Rebecca Weiss and Mark Fuller are bird nerds, and they’re making it easy for you to be one, too.
“Birds are the most watchable form of wildlife,” Weiss said. “Birders are fun to hang out with and it helps you connect to nature.”
“They’re everywhere from your backyard to the wildest wilderness,” Fuller added. “They behave in different ways and they’re just beautiful.”
Their new book “Birds of Aspen and the Roaring Fork Valley” includes information on 155 species and where to find them locally. It’s available at DJ’s on Main, Book Train, Bookbinders and elsewhere for $24.95, but your best chance to nab a copy might be in a series of signing and talks: Oct. 8 at the New Castle Library, Oct. 9 at the Glenwood Springs Library and Oct. 10 at the Carbondale Library at 5:30 p.m. each night.
The pair have plenty of public experience.Weiss is a naturalist and birding guide with the Aspen Center for Environmental Studies and Fuller frequently follows along. The pair met through just such an event, and later realized that her research and writing savvy and his photographic eye might be the perfect backbone for a book — with plenty of help from others. ACES and numerous private donors helped cover the initial printing cost (it’s already back for another round) and Kurt Carpenter did the design.
“I feel like we’re the agents of a community project,” Fuller said. “Hopefully we’ll be able to go beyond just the book and turn it into a whole educational enterprise.”
Their new organization, Roaring Fork Birds, was formed with that in mind. If past experience is any indication, it should take a little exposure for folks to catch bird fever.
Fuller himself got hooked in high school, when a biology teacher required her class to be able to identify 50 different birds, trees and wildflowers and it became a father son activity,
“It’s something that’s easy to do with other people and you don’t have to be athletic,” he explained. “If you’re out there and in tune with what to look for, you can have some really cool moments.”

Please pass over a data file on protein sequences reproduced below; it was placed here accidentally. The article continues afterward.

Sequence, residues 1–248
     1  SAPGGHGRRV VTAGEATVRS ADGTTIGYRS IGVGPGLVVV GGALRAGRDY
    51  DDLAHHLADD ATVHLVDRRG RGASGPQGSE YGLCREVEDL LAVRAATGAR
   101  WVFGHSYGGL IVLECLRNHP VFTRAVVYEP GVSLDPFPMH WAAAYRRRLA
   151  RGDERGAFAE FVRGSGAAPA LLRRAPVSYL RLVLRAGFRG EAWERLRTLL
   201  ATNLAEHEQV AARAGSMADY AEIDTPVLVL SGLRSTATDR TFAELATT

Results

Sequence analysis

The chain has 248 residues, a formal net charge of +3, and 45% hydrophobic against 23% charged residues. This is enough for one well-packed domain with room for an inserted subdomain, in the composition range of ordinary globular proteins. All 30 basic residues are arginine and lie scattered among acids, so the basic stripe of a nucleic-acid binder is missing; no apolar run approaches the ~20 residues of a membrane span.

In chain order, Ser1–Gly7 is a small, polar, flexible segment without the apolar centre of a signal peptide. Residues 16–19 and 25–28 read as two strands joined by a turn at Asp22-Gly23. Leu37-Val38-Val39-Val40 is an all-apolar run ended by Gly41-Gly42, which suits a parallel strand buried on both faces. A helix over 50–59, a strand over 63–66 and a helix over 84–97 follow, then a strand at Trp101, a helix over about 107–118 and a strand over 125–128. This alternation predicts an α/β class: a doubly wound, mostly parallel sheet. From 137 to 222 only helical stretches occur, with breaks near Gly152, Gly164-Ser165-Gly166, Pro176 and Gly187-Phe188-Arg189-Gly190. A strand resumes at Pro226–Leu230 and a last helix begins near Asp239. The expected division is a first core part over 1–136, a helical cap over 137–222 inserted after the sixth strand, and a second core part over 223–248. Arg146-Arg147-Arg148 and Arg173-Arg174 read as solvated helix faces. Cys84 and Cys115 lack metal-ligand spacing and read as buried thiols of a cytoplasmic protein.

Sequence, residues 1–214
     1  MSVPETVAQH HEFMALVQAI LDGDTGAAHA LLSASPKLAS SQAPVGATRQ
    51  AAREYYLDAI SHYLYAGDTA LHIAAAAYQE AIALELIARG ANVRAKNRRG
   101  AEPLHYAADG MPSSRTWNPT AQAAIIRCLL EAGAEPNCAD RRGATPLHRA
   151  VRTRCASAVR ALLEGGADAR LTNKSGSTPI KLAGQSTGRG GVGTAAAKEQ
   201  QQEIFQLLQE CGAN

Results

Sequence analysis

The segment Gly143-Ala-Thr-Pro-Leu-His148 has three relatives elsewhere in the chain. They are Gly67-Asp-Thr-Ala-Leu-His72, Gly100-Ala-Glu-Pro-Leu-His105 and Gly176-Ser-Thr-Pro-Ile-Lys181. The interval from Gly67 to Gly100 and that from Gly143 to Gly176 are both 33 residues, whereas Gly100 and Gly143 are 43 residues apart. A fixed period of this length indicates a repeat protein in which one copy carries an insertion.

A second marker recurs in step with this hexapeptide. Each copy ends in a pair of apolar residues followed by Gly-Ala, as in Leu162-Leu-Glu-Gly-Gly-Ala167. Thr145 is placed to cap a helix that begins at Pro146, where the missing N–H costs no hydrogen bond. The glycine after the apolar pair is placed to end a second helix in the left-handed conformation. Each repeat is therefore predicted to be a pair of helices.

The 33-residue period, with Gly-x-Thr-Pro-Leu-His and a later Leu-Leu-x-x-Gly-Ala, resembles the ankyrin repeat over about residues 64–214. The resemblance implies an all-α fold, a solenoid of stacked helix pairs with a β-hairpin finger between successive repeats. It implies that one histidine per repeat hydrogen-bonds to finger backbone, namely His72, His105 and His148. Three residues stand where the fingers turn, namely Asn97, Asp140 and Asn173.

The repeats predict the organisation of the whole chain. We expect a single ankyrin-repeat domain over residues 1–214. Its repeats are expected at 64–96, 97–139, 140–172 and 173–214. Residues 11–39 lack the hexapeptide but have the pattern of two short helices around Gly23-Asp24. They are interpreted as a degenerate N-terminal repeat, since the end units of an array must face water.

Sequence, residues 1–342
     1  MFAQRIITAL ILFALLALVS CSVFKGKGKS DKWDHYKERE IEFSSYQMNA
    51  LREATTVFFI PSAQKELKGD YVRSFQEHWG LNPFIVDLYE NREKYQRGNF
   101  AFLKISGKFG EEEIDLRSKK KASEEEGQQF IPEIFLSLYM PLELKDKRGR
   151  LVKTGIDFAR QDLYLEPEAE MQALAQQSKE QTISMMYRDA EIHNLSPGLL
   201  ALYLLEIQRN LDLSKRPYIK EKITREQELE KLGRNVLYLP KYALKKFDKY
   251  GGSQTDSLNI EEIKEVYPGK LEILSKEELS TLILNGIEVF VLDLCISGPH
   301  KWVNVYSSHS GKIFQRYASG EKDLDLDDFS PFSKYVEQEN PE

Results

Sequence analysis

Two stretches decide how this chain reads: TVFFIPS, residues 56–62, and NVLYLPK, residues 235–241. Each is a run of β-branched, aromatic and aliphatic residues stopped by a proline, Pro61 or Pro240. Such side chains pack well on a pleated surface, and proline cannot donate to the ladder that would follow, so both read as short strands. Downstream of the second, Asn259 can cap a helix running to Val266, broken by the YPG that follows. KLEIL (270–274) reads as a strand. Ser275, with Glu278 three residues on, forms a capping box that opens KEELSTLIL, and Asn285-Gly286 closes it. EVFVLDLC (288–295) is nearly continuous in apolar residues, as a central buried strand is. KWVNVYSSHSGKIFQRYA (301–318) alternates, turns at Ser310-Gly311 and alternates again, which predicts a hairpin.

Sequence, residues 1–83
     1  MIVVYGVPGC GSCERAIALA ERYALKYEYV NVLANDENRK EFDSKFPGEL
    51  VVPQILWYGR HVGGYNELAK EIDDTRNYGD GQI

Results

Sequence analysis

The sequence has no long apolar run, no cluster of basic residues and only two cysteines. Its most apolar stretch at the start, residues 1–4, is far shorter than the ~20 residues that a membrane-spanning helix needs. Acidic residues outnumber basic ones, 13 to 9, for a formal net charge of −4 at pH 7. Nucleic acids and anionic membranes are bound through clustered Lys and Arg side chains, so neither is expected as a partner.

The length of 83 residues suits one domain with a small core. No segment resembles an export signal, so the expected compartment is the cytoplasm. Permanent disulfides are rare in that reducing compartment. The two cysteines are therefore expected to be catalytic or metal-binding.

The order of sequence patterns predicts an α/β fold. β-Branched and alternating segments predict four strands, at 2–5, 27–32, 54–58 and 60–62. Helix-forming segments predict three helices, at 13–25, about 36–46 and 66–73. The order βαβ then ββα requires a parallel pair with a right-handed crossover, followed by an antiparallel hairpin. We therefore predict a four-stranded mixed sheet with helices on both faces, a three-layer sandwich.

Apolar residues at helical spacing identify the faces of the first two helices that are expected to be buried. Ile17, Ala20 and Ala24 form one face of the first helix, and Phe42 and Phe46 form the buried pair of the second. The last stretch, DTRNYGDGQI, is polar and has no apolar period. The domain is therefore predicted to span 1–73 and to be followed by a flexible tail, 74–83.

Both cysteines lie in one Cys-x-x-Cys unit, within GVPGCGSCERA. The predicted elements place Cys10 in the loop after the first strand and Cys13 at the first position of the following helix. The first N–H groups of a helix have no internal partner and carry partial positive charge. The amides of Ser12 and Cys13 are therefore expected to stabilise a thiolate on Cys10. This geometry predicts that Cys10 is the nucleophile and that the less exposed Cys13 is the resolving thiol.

The book not only helps with identification, it has a lot of hyper-local information about location and behavior. It could help a visitor tell a Broadtail Hummingbird from a Ruby Throat back home or encourage a native to keep an eye out for Black Swifts behind waterfalls. It can also help folks tune into the cycle of the seasons.
“It’s wildly exciting right now,” Weiss noted. “We have species coming through we don’t get to see other times of the year. We also have birds in different plumages.”
In general, the Roaring Fork Valley is an great place for birding, with plenty of native vegetation to support a wide variety of migrants and year-round inhabitants. And while a book can’t replace a nature walk for learning to recognize a flight style or song, Fuller’s large full-color photos give a great sense of how they look in the field, with Weiss’s facts to keep you coming back for more.
“There’s just so much fascinating information about these birds,” she said. “Birding offers lifelong learning.”
A few species to look for
Named after Meriwether Lewis who collected the first specimen, it’s a “truly western species” found mostly in “mature, decadent cottonwood stands with plenty of dead trees.” Look for its iridescent green back and rosy front or listen for the “drumming” — they’re own sort of song.
White Breasted Nuthatch
You don’t even have to leave town to spot one of these patrolling the bark of deciduous trees for insects, larva and eggs. They’re recognizable for their “goofy” stance — “one foot forward and one foot back” — and propensity to hold seeds in one foot and pound them until they break.
You can probably already tell the elders on sights, but the youngsters aren’t bald. They’re big, though and have a “sort of majesty” that makes them such a good mascot. Come November, they should start showing up around water — a sign of bad weather on the horizon.